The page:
Editor’s note: This is No. 6 of The Tribune’s Top 10 stories of 2011 as selected by the newsroom staff. Each day through New Year’s Day we will count down to the top story of the year.
The sign on the window of a Cal Poly dorm warned students on campus with the sober headline in red ink of “Sexual Assault — Rape.”
It was the third such report on or around campus within nine days during May, and campus officials were required to inform students.
The development was unusual for a university with a strong reputation for academics and a heightened focus on responsible behavior.
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Freshman Carson Starkey died from alcohol-related poisoning at a fraternity hazing in 2008, sparking discussions among students and campus officials about personal safety and accountability.
After the reported sexual assaults in May, there has been sharp debate about how to address the issue, and how alcohol might have played a role.
Police reported that each of the purported victims was unconscious and drunk when the alleged assaults occurred.
With speculation circulating about the details, advocates for rape victims implored “don’t blame the victim” in campus meetings and letters to the editor to local newspapers.
They noted that women who are drunk or who are dressed provocatively aren’t inviting sexual assault.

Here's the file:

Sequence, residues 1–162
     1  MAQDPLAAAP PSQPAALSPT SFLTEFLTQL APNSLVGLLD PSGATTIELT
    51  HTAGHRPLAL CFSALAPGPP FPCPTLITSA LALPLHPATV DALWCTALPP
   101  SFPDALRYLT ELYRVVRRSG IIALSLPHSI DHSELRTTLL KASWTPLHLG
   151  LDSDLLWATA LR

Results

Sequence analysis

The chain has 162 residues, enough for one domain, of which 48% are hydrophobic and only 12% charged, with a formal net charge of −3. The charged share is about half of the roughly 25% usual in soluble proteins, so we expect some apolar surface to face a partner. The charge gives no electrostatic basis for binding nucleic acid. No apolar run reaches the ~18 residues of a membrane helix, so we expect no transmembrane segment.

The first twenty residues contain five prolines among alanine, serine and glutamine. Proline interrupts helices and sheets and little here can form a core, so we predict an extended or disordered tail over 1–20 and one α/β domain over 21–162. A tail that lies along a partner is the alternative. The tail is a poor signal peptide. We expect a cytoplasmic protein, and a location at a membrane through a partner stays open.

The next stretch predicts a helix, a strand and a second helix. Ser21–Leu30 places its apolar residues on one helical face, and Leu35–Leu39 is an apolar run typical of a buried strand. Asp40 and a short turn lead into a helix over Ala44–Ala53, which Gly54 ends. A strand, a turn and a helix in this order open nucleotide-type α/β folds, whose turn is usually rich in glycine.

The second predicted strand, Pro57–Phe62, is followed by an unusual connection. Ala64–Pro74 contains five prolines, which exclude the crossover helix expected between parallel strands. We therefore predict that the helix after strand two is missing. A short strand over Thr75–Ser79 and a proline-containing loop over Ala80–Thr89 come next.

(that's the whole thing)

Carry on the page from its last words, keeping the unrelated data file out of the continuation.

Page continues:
But concern for the women was also tempered by caution about presuming guilt until investigations were completed.
In the end, police didn’t arrest anybody in the two reported on-campus incidents.
A third incident reported at the off-campus fraternity house, Sigma Phi Epsilon, resulted in an arrest of a student.
But the San Luis Obispo County District Attorney’s Office didn’t file charges, citing insufficient evidence, while still noting that the purported victim shouldn’t be disbelieved, prosecutors said.
University Police Department Chief Bill Watton said awareness continues to be a prime concern on campus for his agency and for university officials who work with new students and sororities and fraternities.
“Every single assault we’ve investigated (recently) involved alcohol,” Watton said. “And a lot of the incidents we look into do. The training and safety presentations we do often surround alcohol.”
Watton said police stepped up their presentations and awareness campaigns during the summer orientation and Week of Welcome programs this year, talking to students about topics such as alcohol and sexual assault prevention.
Andrene Kaiwi-Lenting, coordinator of Cal Poly’s orientation programs, said Starkey’s parents’ new nonprofit group, Aware Awake Alive, also offers a host of activities, resources and information for students about alcohol awareness.
Kaiwi-Lenting also encourages students to feel comfortable reporting sexual assault whether it’s to police or at an on-campus organization that is designed to help.
She said the Sexual Assault-Free Environment Resource center in the University Union has provided a helpful outlet to students who may want to express the effects of sexual assault on their lives.
The series previously
No. 7 — Companies break ground on two solar farms in the county.
No. 8 — Attacks on staff at Atascadero State Hospital lead the state toward reforms.
No. 9 — Two men are accused of kidnapping and torturing another man in a California Valley trailer.
No. 10 — Ian Parkinson becomes sheriff of San Luis Obispo County.